Original Research ARTICLE
Simultaneous detection of parasitic vector borne diseases: a robust cross-sectional survey in hunting, stray and sheep dogs in a Mediterranean area.
- 1Department of Veterinary Medicine and Animal Production, University of Naples Federico II, Italy
- 2Other, Italy
Canine vector-borne diseases (CVBDs) are a spectrum of diseases caused by different pathogens transmitted by blood-feeding arthropoda. The aim of this study was to investigate leishmaniosis, babesiosis and filarial infections in dogs with three different lifestyles (hunting, stray and sheep dogs) in Molise, the small region of southern Italy, where data available about these parasitic infections are very scant. A cross-sectional survey was conducted on 318 hunting, 180 stray and 218 sheep dogs. Immunofluorescence antibody test, blood smear, molecular techniques and Knott test were performed to detect Leishmania infantum, Babesia spp. and filarial nematodes. Association between positivity to CVBDs, age, sex and living conditions was evaluated. An overall prevalence of 12.3% of CVBDs caused by L. infantum (10.2%), B. canis canis (0.3%) and filarial nematodes (2.1%) was detected. Three dogs showed co-infections of L. infantum and B. c. canis (0.1%) or Acanthocheilonema reconditum (0.3%). A significantly association was found only for filarial infection in hunting dogs. These parasites were reported also in dogs without clinical signs. It is very important to plan effective control programs for CVBDs to guarantee not only the health and welfare of pets, but also the public safety, because some of mentioned parasites are of zoonotic importance.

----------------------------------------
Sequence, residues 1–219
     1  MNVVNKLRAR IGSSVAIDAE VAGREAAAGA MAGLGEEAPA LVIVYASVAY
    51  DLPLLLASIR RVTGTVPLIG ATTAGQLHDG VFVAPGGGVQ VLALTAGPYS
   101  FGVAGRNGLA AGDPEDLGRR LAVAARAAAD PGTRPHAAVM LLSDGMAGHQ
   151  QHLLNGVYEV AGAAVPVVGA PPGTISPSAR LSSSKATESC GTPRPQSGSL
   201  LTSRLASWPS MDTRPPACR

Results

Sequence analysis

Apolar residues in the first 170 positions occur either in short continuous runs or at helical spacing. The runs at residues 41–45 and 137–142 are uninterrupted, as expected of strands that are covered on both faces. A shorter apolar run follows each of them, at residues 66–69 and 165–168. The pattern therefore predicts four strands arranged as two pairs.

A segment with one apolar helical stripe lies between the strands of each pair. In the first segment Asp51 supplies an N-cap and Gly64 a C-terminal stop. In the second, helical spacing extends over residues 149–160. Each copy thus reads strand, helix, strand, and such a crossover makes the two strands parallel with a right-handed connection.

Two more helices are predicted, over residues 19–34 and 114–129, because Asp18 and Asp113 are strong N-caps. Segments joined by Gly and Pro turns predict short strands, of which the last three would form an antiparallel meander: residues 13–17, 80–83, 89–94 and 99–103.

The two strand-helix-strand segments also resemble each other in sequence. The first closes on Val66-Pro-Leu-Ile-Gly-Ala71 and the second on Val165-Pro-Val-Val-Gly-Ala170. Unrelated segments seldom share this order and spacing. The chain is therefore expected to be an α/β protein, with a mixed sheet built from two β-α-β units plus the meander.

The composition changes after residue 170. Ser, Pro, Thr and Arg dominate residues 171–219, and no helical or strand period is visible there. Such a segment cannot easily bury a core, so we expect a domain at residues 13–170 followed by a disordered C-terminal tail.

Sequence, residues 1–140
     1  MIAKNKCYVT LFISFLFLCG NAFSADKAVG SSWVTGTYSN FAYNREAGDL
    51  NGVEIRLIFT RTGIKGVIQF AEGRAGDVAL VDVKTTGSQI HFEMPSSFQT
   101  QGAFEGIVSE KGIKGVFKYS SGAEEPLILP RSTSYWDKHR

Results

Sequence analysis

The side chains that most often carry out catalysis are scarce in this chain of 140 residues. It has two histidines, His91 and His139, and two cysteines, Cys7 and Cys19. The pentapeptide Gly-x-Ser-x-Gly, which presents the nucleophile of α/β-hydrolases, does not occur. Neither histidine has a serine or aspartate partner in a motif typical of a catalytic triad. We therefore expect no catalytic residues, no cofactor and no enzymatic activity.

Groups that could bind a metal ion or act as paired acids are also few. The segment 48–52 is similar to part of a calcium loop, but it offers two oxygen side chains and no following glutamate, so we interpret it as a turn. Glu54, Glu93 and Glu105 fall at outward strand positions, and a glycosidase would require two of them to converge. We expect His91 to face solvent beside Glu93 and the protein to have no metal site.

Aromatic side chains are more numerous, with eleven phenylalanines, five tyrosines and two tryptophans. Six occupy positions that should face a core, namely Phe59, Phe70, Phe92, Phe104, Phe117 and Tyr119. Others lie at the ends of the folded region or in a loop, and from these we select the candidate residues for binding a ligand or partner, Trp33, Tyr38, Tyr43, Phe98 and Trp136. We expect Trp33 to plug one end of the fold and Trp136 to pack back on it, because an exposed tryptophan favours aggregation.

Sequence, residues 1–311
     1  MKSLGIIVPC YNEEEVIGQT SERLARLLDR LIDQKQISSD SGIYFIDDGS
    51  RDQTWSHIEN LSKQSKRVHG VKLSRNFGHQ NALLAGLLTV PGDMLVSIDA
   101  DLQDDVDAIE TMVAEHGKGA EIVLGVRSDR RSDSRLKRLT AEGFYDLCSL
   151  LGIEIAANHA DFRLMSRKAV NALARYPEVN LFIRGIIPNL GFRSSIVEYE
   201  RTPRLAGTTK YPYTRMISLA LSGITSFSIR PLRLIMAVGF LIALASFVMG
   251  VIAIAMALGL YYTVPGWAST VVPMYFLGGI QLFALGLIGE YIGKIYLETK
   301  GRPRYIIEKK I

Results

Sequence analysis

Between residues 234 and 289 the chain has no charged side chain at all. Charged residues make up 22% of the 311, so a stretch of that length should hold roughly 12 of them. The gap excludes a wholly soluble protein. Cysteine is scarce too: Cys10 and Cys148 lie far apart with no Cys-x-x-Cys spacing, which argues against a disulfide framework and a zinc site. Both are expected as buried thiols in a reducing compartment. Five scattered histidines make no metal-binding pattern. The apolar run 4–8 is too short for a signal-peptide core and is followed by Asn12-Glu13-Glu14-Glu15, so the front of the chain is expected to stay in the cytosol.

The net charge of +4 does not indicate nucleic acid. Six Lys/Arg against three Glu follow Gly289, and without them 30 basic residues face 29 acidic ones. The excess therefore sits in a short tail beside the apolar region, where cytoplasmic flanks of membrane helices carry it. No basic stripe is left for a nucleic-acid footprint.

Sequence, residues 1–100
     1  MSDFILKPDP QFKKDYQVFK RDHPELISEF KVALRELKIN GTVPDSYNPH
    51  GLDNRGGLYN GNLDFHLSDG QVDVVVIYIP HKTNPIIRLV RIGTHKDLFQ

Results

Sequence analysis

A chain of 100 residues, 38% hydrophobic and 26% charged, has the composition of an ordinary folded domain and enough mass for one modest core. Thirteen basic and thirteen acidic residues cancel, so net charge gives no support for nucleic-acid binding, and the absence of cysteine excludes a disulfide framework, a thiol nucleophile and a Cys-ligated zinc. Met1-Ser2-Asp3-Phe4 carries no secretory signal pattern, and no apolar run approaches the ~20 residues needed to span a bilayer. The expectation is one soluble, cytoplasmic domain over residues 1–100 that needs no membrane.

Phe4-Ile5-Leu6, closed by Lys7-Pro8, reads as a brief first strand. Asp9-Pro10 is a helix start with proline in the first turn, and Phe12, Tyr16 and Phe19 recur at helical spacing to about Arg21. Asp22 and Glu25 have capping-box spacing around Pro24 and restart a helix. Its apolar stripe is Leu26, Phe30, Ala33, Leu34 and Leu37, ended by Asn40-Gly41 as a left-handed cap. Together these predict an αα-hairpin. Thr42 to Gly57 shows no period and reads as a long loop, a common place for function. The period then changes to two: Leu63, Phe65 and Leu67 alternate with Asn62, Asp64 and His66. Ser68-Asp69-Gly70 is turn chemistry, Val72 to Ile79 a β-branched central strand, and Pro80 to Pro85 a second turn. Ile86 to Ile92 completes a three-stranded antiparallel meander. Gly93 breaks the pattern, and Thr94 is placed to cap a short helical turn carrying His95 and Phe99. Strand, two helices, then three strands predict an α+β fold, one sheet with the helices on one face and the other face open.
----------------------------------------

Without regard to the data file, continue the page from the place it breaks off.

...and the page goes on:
Keywords: Canine Vector Borne Diseases, Leishmania infantum, Dirofilaria immitis, Dirofilaria (Nochtiella) repens, Acanthocheilonema reconditum, Babesia spp, Dogs, Italy
Received: 10 Jun 2019;
Accepted: 13 Aug 2019.
Copyright: © 2019 Gizzarelli, Foglia Manzillo, Ciuca, Morgoglione, El Houda Ben Fayala, Cringoli, Oliva, Rinaldi and Maurelli. This is an open-access article distributed under the terms of the Creative Commons Attribution License (CC BY). The use, distribution or reproduction in other forums is permitted, provided the original author(s) and the copyright owner(s) are credited and that the original publication in this journal is cited, in accordance with accepted academic practice. No use, distribution or reproduction is permitted which does not comply with these terms.
* Correspondence: Dr. Valentina Foglia Manzillo, Department of Veterinary Medicine and Animal Production, University of Naples Federico II, Naples, 80137, Campania, Italy, email@example.com